Reply All Lite: for people too lazy busy to read a whole strip Reply All highlights those moments in today's information-overloaded environment when you forget your adult-self and toss the megaphone to your fifth-grade inner child. Its main character, Lizzie is a busy-single-woman-with-successful-career-in-the-big-city who has a lot of those moments. Cartoonist Donna A. Lewis, an attorney at Homeland Security, admits she "clearly needs an outlet for the stress of working in the nationâ€™s capital." Lewis taught herself to draw in law school (where doodling was the only escape from reality) and to write punch lines in the courtroom (no disrespect to judges, attorneys, plaintiffs or defendants intended). Lewis comes from "an annoyingly funny family" that provides material faster than she can "translate it into a written product." Now, she says, "The years of listening to their absurd notions about the world are finally providing value to my life." Lewis states that no family members were harmed in the creation of this strip, and some names were left unchanged in order to incriminate those deserving of such.
Reply All Lite
Donna A. Lewis
Rudy Park is the barista at the House of Java, where everybody not only knows your name but is all up in your grill. Rudy, a dot-com casualty whose paycheck never recovered, is addicted to high-tech gadgetry. While caffeine-fueled HoJ customers vie for the "Who Can Annoy Rudy the Most" crown, Rudy's boss-the always-do-well-but-ne'er-do-good owner of HoJ-always wins. Cartoonist Darrin Bell earned his degree in political science at the University of California, Berkeley. His award-winning cartoons have appeared in the San Francisco Chronicle, Los Angeles Times, Oakland Tribune and on "60 Minutes." Although he took a break from editorial cartoons soon after 9/11, he began drawing them again for syndication in 2013. In the '90s, Bell partnered with writer Theron Heir and the two launched Rudy Park. Today, Bell both draws and writes the strip as well as the Candorville comic strip.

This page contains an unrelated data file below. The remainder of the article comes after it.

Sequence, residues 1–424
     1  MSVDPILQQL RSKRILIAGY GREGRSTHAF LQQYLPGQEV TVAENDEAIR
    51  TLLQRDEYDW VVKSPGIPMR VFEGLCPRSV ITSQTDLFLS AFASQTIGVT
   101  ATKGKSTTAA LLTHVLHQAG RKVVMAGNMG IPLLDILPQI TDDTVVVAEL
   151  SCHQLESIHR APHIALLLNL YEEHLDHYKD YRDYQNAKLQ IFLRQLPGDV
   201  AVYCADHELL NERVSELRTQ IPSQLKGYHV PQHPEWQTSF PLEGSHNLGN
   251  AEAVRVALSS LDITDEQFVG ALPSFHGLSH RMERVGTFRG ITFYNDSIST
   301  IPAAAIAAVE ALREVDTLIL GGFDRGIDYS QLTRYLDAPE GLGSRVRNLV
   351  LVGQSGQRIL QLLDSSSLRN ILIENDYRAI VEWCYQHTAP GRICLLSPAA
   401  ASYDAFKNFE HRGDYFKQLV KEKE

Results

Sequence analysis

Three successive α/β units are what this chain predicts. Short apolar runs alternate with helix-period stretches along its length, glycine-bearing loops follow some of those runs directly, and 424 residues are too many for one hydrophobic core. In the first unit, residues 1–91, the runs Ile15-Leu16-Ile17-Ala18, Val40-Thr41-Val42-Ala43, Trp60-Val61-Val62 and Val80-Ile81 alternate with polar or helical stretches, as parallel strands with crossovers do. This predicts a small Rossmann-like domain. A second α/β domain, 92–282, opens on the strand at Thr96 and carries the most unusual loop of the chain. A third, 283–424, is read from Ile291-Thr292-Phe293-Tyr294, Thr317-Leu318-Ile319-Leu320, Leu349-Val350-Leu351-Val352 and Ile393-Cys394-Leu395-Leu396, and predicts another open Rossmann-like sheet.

Darrin Bell and Theron Heir
Savage Chickens began on a rainy day in October 2004 when, after one too many migraines, Doug Savage scribbled two chickens on a sticky note. Thousands of comics later, Savage still draws every comic on a yellow sticky note, and his work covers an eclectic range of topics, including: work, psychology, arachnophobia, pop culture, cats, time travel, love, zombies, and more.
Whether they are arguing about The Perfesser’s bad writing or offering each other advice on the opposite sex, Shoe's treetop crew of characters maintains a comical, spirited banter.
Gary Brookins and Susie MacNelly
In the days immediately before the digital photography revolution, Bee works as a photo-finishing technician in a one-hour lab in lower Manhattan. To amuse herself, she duplicates—for her own collection—any titillating photographs that happen to pass through her hands. When pictures of a naked corpse are left for processing, Bee’s curiosity goes into high gear. "...Like a Nancy Drew mystery adapted by Brian de Palma...He's a great illustrator, and he tells a convoluted story with economy and flair..." —Nick Hornby, The New York Times “Weirdness abounds in Shutterbug Follies—a giddy, splendid weirdness that makes the book a page-turner…It sits comfortably on a shelf between Daniel Clowes’s Caricature and Kim Deitch’s Boulevard of Broken Dreams.” —Marc Weidenbaum, The Comics Journal ➜ Email Jason Little This comic updates Monday & Thursday